Art in New York City, Part 2

by Janice Driesbach, Chief Curator

As with other members of our curatorial department, I regularly visit galleries and museums, attend artist talks, and meet with collectors, both as part of my job and pursuing my personal interests. In that regard, I spent several days in New York City in October to see some of the many exciting exhibitions on view at galleries and museums (including ones featuring a number of northeast Ohio artists) and to work on Intersections: Artists Master Line and Space, an exhibition I am organizing that will be on view at the museum in fall 2016. If you missed Part 1 of this post, you can find it here. 

Dana Schutz, Fight in an Elevator 2, 2015, Oil on canvas, 96 x 90 inches

Dana Schutz, Fight in an Elevator 2, 2015, Oil on canvas, 96 x 90 in.

By Saturday morning I realized I had pretty much only made my way through four or five blocks of Chelsea in several visits. So, I took another subway downtown, this time starting at 18th Street, where CIA grad Dana Schutz was exhibiting paintings and drawings in an exhibition titled Elevator Brawls and Basketball Trolls.

Dana Schutz, Lion and Tamer, 2015, Charcoal on paper, 44 x 30 inches

Dana Schutz, Lion and Tamer, 2015, Charcoal on paper, 44 x 30 in.

Wandering on, I perused Wolfgang Tillmans’s expansive installation, and a mini-retrospective for Squeak Carnwath, whose work I admired as a curator in Northern California.

Wolfgang Tillmans, PCR (installation detail), 2015

Wolfgang Tillmans, PCR (installation detail), 2015

 

Squeak Carnwath, Beautiful Ugly, 2008, Oil and alkyd on canvas over panel, 90 x 80 in

Squeak Carnwath, Beautiful Ugly, 2008, Oil and alkyd on canvas over panel, 90 x 80 in.

 

Rachel Rossin, Roses Re-topo, 2015, Oil on canvas, 52 x 37 in.

Rachel Rossin, Roses Re-topo, 2015, Oil on canvas, 52 x 37 in.

I also appreciated an introduction to Rachel Rossin’s work. Her painting exhibition was one of two I encountered this trip that was accompanied by a virtual reality component. Other exhibitions of interest included those featuring Ivan Morley (again new to me) and Louise Fishman, whose painting I have long respected.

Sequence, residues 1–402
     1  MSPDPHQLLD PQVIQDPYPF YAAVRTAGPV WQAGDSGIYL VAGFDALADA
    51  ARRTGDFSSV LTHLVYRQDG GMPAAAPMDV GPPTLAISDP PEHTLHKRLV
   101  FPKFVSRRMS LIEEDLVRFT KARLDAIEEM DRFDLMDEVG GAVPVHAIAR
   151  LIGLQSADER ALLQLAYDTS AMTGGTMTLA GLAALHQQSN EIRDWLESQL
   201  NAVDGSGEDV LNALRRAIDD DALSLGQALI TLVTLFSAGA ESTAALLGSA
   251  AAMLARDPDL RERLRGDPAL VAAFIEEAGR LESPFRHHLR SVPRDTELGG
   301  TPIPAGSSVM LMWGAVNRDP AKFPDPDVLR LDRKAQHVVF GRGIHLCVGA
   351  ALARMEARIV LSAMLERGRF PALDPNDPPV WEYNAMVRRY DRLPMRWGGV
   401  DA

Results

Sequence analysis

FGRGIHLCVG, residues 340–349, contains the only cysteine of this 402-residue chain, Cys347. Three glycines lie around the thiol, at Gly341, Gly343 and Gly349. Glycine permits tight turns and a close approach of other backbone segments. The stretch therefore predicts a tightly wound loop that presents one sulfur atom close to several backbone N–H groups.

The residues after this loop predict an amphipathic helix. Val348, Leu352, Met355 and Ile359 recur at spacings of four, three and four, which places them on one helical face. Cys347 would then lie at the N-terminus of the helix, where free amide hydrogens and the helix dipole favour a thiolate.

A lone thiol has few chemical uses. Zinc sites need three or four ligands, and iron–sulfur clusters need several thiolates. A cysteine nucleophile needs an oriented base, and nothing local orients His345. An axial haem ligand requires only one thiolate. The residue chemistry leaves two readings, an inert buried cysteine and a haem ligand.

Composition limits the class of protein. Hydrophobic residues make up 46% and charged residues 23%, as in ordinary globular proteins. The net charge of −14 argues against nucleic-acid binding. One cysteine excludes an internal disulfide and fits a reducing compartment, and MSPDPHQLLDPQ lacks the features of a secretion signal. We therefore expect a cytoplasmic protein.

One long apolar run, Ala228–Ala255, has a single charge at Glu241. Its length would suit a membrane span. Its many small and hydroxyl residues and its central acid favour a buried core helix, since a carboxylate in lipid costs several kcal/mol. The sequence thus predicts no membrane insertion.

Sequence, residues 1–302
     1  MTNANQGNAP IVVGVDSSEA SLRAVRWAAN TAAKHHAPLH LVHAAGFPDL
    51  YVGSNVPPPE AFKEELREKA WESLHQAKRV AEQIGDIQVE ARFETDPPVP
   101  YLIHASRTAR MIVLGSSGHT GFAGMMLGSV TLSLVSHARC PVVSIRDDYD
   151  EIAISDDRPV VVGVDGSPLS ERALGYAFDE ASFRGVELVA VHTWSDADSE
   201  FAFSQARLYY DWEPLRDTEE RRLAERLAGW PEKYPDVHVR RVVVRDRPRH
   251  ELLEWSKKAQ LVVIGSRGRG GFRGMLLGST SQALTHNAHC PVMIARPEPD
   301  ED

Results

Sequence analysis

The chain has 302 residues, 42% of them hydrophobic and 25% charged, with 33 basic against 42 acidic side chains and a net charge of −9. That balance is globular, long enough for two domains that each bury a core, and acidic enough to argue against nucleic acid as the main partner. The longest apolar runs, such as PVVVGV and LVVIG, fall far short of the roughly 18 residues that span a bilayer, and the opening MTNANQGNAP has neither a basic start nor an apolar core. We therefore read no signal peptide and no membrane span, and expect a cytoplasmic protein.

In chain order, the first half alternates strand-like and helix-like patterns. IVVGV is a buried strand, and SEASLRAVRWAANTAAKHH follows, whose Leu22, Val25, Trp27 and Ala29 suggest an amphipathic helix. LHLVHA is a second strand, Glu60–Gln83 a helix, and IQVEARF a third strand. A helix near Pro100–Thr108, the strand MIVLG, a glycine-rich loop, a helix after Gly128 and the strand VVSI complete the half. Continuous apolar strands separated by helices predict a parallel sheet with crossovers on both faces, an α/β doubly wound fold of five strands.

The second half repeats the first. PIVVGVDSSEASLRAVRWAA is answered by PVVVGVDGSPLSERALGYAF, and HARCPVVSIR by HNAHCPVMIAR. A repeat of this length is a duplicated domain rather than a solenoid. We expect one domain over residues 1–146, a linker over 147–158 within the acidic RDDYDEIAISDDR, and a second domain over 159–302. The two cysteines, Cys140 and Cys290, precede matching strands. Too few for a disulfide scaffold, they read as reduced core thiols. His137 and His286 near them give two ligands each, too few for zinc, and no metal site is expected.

Louise Fishman, IT IS GOOD TO KNOW CERTAIN THINGS, 2015, oil on linen, 70 x 88 in.

Louise Fishman, IT IS GOOD TO KNOW CERTAIN THINGS, 2015, oil on linen, 70 x 88 in.

From Chelsea, I made my way to Long Island City, encountering adventures with weekend subways running on other tracks or not at all. My impetus was a gallery exhibition featuring the human figure, which proved quite nice, and the sprawling Greater New York installation at MOMA PS1. It was surprising that PS1 included both new and older work, including interesting pieces by Lorna Simpson (an artist whose work is in the Akron Art Museum collection).

Lorna Simpson, on view in Greater New York, through March 7, 2016

Lorna Simpson, on view in Greater New York (MOMA PS1), through March 7, 2016

 

Donald Moffett, on view in Greater New York (MOMA PS1), through March 7, 2016

Donald Moffett, on view in Greater New York (MOMA PS1), through March 7, 2016

 

Lutz Bacher, Donald Moffett, on view in Greater New York (MOMA PS1), through March 7, 2016

Lutz Bacher, on view in Greater New York (MOMA PS1), through March 7, 2016

Another train took us close to the Brooklyn Academy of Music to spend a delightful evening experiencing a new opera/performance, Refuse the Hour, with the libretto by the amazing South African artist William Kentridge, also one of the featured performers.

Sunday mornings can be surprisingly quiet in Manhattan. At least that was my experience walking through Teresita Fernandez’s installation of reflective clouds in Madison Square Park.

Teresita Fernández, Fata Morgana, Madison Square Park public commission, on view through winter of 2016

Teresita Fernández, Fata Morgana, Madison Square Park public commission, on view through winter of 2016

From there I went to see an exhibition of Martin Puryear drawings at the Morgan Library.

Martin Puryear: Multiple Dimensions, on view through January 10, 2016

Martin Puryear: Multiple Dimensions, on view through January 10, 2016

I also ventured to the Ukrainian Museum to see an exhibition featuring Ukrainian women of the diaspora that included work by two friends from Troy, Ohio, Aka Pereyma (pictured, recently deceased) and her daughter Christina.

Aka Pereyma, featured in The Ukrainian Diaspora: Women Artists 1908–2015, Through February 14, 2016 at the Ukrainian Museum

Aka Pereyma, featured in The Ukrainian Diaspora: Women Artists 1908–2015, Through February 14, 2016 at the Ukrainian Museum